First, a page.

Q: This is the second summer I've been attracted to books that have a somewhat racy erotic element- and one of the things my review is going to discuss is how "conventional" my own romantic life is, and how fun it is to read a "fantasy" book about a different sort of lifestyle, while still not personally wanting to be as "adventurous." Unlike some other books I've read, where the love scenes tend to get a little too much, yours is very carefully poetic- you don't get too graphic, and yet, it's very sensual (I found myself reading passages aloud to my husband because they were so cool-- and have put the books on his bedside table to read). How do you go about writing this kind of prose? Is it easy, or do you find your old Aunt Hilda (or Queen Victoria) perching on your shoulder with a scowl? (I ask, because even though I'm still slightly embarrassed by this sort of romance, I adore it... which is a bit of a contradiction with my feminist theory training).

A: Guilty pleasures, anyone? <g> Ah, well, many readers have fantasies we don't really want to explore in excruciating depth--but we welcome the chance to ride shotgun while someone else is driving. Phèdre's nature affords that opportunity. I think what makes the love scenes effective without being excessive is a certain amount of restraint. I try to keep the pace consistent. They don't carry any more (or less) weight than other sequences. Time doesn't slow down, the level of description doesn't devolve into unprecedented minutiae. And although they're not overly graphic, the edgy content amplifies the impact. Which is not to say they're easy to write. They're not. Sometimes I have to take a deep breath and a glass of wine to go there. There are passages in Kushiel's Avatar that were especially difficult. While I'm immersed in the process, there are no censors, internal or otherwise. Afterward, I may squirm at the thought of my mother reading it, but if the work is good, I let it stand.

Q: The issue that this interview is appearing with is called autotheory- which is a hybrid of autobiography & critical theory that focuses on the body, and our understandings of power through our experiences as humans with bodies.... I love the part of your novel where you say "that which yields is not always weak" --Michel Foucault would have a lot to say about Phèdre's world, I think. How do you think Phèdre would fit into society today, were she to magically appear in our world? And how about sticking, say, Gloria Steinem into Terre d'Ange? How do you think the "slave/master" archetype fits our struggles in today's gender/political climate?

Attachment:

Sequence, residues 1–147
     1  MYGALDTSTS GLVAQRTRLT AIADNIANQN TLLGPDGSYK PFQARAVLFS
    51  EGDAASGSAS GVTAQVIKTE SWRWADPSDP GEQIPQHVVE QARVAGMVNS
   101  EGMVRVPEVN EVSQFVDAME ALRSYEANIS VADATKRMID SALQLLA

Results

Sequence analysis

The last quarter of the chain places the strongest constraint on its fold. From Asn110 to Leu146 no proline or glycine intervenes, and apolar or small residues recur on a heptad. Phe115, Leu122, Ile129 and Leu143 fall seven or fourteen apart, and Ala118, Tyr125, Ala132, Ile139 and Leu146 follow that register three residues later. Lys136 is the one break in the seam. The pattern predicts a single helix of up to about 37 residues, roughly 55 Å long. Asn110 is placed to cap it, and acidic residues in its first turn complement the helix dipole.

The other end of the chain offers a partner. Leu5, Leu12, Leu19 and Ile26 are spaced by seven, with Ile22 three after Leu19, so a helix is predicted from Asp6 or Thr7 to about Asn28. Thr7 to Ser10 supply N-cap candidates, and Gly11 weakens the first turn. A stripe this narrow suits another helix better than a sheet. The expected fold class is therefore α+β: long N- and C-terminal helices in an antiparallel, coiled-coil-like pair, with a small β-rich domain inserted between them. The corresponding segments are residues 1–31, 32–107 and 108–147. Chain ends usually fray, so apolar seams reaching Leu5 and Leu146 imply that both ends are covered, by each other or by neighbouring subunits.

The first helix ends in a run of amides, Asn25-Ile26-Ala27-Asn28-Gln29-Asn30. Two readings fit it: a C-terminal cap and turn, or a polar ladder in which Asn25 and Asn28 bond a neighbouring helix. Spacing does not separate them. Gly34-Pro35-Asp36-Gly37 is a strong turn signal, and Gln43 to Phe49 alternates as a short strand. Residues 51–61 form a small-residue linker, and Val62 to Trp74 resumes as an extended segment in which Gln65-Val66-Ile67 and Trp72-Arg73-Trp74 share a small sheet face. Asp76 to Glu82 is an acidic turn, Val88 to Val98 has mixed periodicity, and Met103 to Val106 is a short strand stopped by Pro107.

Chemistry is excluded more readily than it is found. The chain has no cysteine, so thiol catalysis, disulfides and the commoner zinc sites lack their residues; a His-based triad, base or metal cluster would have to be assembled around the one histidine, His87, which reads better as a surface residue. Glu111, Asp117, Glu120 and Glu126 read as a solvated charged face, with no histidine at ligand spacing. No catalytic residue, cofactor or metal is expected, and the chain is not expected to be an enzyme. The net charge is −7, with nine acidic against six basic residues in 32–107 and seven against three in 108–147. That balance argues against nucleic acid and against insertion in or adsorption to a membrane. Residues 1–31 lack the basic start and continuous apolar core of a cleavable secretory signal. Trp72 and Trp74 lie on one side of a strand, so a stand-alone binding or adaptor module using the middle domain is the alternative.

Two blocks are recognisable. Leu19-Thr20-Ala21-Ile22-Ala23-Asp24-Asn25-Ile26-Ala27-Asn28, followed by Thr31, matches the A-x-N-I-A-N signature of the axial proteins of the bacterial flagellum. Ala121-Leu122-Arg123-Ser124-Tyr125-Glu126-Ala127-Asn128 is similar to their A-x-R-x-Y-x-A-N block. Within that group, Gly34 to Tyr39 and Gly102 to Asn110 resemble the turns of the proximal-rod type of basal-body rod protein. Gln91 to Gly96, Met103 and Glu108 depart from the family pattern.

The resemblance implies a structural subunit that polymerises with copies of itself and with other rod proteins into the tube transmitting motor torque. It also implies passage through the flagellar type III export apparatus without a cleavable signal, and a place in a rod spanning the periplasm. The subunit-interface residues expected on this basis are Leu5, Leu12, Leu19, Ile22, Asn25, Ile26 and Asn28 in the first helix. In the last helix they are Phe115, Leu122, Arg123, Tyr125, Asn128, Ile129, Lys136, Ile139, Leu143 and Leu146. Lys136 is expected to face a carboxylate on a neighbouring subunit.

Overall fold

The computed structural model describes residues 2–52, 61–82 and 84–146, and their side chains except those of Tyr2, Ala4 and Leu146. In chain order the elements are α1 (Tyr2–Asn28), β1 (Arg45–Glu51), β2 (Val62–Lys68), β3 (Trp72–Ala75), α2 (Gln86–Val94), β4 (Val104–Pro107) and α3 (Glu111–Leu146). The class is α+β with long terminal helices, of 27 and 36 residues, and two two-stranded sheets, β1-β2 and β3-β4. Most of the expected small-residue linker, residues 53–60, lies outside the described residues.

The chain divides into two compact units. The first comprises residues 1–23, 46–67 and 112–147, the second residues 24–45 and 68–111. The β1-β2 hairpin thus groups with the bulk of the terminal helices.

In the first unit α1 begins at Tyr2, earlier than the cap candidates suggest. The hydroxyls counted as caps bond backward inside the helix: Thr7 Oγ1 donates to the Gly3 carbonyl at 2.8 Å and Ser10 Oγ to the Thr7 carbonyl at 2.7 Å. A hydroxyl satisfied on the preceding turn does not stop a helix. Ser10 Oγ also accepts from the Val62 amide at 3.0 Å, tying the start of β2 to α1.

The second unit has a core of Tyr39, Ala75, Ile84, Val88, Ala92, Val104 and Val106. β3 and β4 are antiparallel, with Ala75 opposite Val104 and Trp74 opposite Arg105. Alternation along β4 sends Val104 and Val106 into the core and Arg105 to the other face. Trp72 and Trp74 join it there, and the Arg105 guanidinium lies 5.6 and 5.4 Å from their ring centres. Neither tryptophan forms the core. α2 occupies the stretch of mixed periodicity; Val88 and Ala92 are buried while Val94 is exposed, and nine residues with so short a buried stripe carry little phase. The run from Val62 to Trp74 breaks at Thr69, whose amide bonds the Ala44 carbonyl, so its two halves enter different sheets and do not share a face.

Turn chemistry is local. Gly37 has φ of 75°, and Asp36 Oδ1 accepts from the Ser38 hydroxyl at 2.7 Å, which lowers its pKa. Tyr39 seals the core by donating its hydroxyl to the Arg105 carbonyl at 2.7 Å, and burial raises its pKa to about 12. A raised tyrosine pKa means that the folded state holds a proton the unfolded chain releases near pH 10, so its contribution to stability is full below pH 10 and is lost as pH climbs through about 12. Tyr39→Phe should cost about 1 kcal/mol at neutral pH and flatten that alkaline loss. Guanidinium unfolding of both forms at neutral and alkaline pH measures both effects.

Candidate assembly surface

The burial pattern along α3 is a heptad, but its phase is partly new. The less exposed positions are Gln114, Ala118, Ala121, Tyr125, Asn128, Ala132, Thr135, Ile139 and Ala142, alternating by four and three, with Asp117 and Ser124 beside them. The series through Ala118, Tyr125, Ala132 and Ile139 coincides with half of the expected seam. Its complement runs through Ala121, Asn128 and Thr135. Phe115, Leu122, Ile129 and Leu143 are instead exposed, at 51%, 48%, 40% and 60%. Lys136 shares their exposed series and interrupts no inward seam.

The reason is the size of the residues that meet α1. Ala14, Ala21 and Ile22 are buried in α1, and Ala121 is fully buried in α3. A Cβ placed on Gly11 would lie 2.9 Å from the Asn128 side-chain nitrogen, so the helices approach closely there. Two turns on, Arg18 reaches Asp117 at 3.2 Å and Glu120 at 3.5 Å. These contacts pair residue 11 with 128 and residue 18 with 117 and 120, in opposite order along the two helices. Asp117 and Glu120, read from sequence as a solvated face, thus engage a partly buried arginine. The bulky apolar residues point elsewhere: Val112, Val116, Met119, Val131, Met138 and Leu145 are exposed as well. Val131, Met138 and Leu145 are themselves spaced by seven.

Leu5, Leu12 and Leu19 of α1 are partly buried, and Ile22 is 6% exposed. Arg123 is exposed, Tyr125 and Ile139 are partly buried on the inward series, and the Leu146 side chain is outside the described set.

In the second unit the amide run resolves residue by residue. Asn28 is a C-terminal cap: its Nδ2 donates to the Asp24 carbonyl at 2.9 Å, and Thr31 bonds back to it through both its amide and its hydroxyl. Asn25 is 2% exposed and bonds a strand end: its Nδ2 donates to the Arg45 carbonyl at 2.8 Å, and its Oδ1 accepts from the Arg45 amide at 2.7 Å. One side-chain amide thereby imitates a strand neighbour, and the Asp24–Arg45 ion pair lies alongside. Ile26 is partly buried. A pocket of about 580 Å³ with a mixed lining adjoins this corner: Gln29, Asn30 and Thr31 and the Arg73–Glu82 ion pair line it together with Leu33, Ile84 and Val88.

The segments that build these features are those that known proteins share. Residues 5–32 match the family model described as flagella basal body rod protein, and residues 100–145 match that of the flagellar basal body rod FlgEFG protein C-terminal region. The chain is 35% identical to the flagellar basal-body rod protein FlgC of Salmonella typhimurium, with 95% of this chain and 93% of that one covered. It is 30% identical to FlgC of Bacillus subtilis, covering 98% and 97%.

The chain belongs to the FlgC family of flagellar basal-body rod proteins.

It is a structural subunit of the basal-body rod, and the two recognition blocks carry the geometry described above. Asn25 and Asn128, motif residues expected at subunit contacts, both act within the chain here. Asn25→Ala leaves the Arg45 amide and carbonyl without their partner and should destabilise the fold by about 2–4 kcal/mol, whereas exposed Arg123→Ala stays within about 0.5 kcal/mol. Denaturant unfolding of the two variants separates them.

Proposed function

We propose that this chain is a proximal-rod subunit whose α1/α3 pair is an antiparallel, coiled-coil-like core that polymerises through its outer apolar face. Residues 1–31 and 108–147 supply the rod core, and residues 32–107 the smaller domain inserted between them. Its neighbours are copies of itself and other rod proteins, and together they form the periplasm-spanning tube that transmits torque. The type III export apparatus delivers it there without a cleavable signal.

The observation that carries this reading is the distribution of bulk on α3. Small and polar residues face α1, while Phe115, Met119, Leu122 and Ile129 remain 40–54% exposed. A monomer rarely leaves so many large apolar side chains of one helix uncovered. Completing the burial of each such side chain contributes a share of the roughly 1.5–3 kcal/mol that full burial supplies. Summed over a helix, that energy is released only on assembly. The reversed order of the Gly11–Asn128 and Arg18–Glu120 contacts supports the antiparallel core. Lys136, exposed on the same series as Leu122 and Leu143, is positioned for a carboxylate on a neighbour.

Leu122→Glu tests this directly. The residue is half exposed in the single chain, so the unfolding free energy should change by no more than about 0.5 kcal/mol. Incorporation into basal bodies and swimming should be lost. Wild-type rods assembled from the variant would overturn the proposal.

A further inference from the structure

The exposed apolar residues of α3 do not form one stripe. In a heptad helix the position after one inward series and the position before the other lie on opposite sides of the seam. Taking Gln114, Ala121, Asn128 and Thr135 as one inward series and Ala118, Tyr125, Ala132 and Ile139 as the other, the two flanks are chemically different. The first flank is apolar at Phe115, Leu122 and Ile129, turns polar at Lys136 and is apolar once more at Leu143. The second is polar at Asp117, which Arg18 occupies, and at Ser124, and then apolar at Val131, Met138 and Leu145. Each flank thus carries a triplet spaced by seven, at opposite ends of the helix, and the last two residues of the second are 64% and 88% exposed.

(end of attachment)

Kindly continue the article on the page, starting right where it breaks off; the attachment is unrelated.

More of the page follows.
A: I don't think Phèdre would have any difficulty fitting into contemporary Western society. For all her yielding tendencies, she is, in the end, tremendously willful; and that's a quality we admire. She takes ownership of her own sexual nature. She turns her apparent weaknesses into strengths. As for Gloria Steinem, I suspect she would do just fine in Terre d'Ange! Despite some residual patriarchal tendencies, there's plenty of room for her to maneuver.

As far as the "slave/master" archetype goes, it depends on the context. Within the BDSM (bondage, dominance, sadism, masochism), community, establishing parameters is taken very seriously. Exploring personal boundaries in any forum, sexual or otherwise, requires a tremendous amount of trust. In Terre d'Ange, that's reflected in the idea of consensuality as a sacred tenet. This allowed me to examine issues of desire, will and power and how those play out between individuals; issues which are equally apt today (only without the added deities and epic destinies).

In a broader context of society at large, where unrealized masculine fantasies of dominance continue to cast a pall of violence and abuse, it may be another matter altogether.

Q: Finally, what are you working on that you'd like us to look for in the future? Any plans for movies, or new visits to Phèdre's world? Tell us what you'd like us to know about your plans, and anything we could show our support to....

A: As it happens, I just delivered a new manuscript with the working title Elegy for Darkness. This is a stand-alone in a multiple 3rd-person POV, which was a change after being immersed in Phèdre's voice for so long. It's an epic fantasy in the classic Tolkienesque vein, with one twist: It's a tragedy written from the perspective of the 'minions of the Dark Lord.' In the process, I'm trying to critique elements of the genre, particularly the unquestioning acceptance of dualism. I conceived it as a sort of postmodern Paradise Lost, though hopefully it also reads as a plain old gripping novel. Oh, and it's not sexy in the least. I don't have a publication date yet, but it will be interesting to see how it's received.

After this, I'm considering revisiting Terre d'Ange, though the story, if it continues, will do so with a different protagonist. I've been thinking about it for quite some time. No movie plans in the works, I'm afraid, though many readers enjoy playing the "Casting Game!"

You know you want them. Perfect beach/hammock/nap-a-torium reading....grab some rich chocolate and turn the phone ringer off!

Kushiel's Dart Kushiel's Chosen Kushiel's Avatar

| Home | Fiction | Listserv | Creative Archives | Scholarly Archives |
| Book Review Archives | Critical Essays | Contribute | Search the Site |

Contact Us